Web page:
James did what James often does: playing sensible looking moves that eventually led to a nice win, without Bogdan seeming to do much wrong. The final combination was clever, and nicely geometrical.

Dominic faffed about with his pieces for a while, and may have been a little worse, but he eventually got his bits pointing at Luka’s king, and played a nice knight sac to open the position up. He won the piece back, then played a series of very good moves to reach an overwhelming position. Unfortunately he then had a slight mishap, changing the position from overwhelming to merely winning, but with only 40 seconds left he (probably sensibly) took the offered draw. A shame, because it was nearly brilliant.

Dunc’s game was complex: he sacced a pawn, then a tactical flurry gave him two rooks against a queen with two knights each. It boiled down to the two rooks against the queen, plus pawns each. I thought that Dunc had any winning chances that may be there, but the players clearly disagreed, with Dunc the one forcing the draw. I expect they were right.

Finally, Gareth and Mark had a long manoeuvring game, with Mark looking a bit better. Gareth lost/sacced a pawn, but gained the two bishops. Mark was still better, but a draw was looking most likely, when he blundered first a key pawn, then a knight on consecutive moves. A slightly sad way for the match to end, but these things happen.

A fairly comfortable win in the end then, albeit with a few small scares. I’m quite glad we played them early in the season; University have some talented players who will only get better. Another good sign was that in the (much improved) bar there were a dozen or so other people playing chess. Maybe there’s still some hope for the human race.

JC

Match report: Clifton A – Downend A

Date: 06/09/2016
Clifton A 2-4 Downend A
James Cobb 0-1 Henry Duncanson
John Curtis 1-0 Chris Russell
Gareth Morris 0-1 Richard Savory
Duncan Grossett 0-1 Stephen Meek
Nick Frost 0.5-0.5 Nigel Hosken
David Collier 0.5-0.5 Jerry Humphreys

Our title defence started with a tough match against a very strong Downend side.

David was the first to finish, after a short and placid game with Jerry. Not much to write about there. Nick and Nigel then also drew after a correct looking QID. Nick hasn’t played much recently, and it was good to see him back and playing well.

Dunc had an IQP position against Stephen, but not a particularly active one. The game seemed balanced though, until a mixture of vague play by Dunc and good play by Stephen led to a black advantage. The last I saw was Dunc giving up a rook, presumably to try to get a perpetual. It didn’t work.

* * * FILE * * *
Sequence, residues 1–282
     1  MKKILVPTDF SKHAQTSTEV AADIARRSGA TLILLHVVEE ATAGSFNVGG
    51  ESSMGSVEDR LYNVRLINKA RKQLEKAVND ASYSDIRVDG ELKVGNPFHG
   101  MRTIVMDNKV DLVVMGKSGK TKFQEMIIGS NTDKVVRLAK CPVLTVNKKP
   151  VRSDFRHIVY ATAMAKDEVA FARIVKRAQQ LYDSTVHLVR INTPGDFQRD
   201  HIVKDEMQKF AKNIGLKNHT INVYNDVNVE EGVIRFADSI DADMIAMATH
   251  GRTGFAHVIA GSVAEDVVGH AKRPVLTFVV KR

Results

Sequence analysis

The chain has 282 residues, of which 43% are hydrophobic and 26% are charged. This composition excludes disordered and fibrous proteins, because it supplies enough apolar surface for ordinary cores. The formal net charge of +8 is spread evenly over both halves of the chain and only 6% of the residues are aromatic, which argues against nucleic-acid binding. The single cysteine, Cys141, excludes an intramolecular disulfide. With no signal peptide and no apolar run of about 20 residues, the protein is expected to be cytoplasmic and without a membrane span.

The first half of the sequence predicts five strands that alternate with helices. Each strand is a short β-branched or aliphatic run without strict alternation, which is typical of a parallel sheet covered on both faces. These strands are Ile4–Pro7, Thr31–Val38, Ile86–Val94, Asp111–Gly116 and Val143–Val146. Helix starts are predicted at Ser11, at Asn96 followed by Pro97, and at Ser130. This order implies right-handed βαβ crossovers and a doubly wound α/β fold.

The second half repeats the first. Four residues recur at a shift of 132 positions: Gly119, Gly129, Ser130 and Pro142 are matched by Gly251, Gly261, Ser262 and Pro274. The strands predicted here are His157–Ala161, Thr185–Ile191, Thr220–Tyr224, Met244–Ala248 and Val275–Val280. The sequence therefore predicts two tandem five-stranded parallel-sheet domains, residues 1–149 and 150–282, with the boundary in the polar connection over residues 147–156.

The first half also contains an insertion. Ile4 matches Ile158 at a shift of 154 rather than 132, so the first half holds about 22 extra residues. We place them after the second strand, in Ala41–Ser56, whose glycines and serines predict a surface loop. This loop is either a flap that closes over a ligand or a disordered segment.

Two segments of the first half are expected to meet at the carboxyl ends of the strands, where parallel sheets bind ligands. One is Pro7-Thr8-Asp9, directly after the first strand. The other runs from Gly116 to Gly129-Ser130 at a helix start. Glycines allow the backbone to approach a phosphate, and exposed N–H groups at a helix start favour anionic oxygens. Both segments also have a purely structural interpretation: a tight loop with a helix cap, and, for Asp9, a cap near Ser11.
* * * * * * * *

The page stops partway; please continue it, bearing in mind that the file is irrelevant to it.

My game finished next. Chris played very aggressively, including a piece sacrifice for a couple of my kingside pawns. He also had an unopposed bishop pointing at my king; the kind of bishop that chess players dream about. I wasn’t sure who (if anyone) was better, but I felt that I should be at least ok. It was easier to play for me too, since I spent most of the game just responding to Chris’s threats. We both got a bit short of time, Chris missed a tactic and then being a rook down, resigned. I think I’ll put that win down more to luck than judgement.

James played a French against Henry, with some early queenside expansion. It looked to me that Henry always had it under control, and one of the advanced pawns eventually dropped off. He then negotiated the traditional time scramble to secure the point.

Last to finish was Gareth. Richard seemed slightly better throughout, with a better pawn structure. Grim defence should have been the order of the day, but Gareth went for a sacrificial tactical solution instead. It didn’t work.

So, 4-2 to Downend, which is a fair reflection of the match. They must be favourites for the League this year, but as we found last year, the unexpected often happens.

JC

Steve Boniface Memorial Congress

The Bristol Steve Boniface Memorial Congress was held Aug 26-28th at Bristol Grammar School in Clifton, Bristol. There were 65 players in total in the 3 sections. We were hoping for more, but the Indian Summer proved too much of a temptation for some. As usual, personalized catering was from Rosie of Hereford.

There were 16 players in the Open; 6 with grades over 2100. As expected, it was a battle between our 2 titled players, GM Keith Arkell and local IM Chris Beaumont. They met in round 4 after each with 3 wins. Keith was hoping for revenge after his loss to Chris at the Cotswold Congress in May, but it was not to be. Chris had a dangerous passed pawn and that proved the decisive factor. Young Max French was there, just back 48 hours earlier from playing in the Vienna Open, as well as Keith Arkell. On a side note, Arkell is about to start a book, DVD and you tube video called ‘Arkell’s Endgames’, a speciality he is world famous for.

There were 22 players in the Major. It was won by joint top seed Craig Kennedy. Not surprising considering that in the last 5 years, his grade has been 10-30 points higher. Second place was won by local veteran Duncan Macarthur. The winner of our summer congress, V. Bovtramovics, finished tied for third.

Also tied for third, and winner of the junior prize, was 11 year old Chirag Hosdurga, already graded at 131.

There were 27 players in the Minor. It was won by Antony Sage from Bath, the second seed in the group. Joint second was 10 year old Toby Kan, sharing second with congress regular Martyn Maber from Taunton. Downend Chess Club had 3 promising juniors in the event, all finishing 50% or above: Kan, Stubbs and Tye. Ones to watch for the future.

Source: http://tim1949jones.wixsite.com/bristolchesscongress

Graeme Thomson Memorial results

The Prize winners are:

Open Major
1st James Cobb 1st Steve Woolgar
2nd Louis Martin 2nd Adrian Champion
3rd Andrew Smith 2nd Duncan Macarthur
Under 180 John Curtis 4th Chris McKinley
Under 120 Martyn Maber

Well done to everyone who participated. We raised £100 for Macmillan Cancer Relief.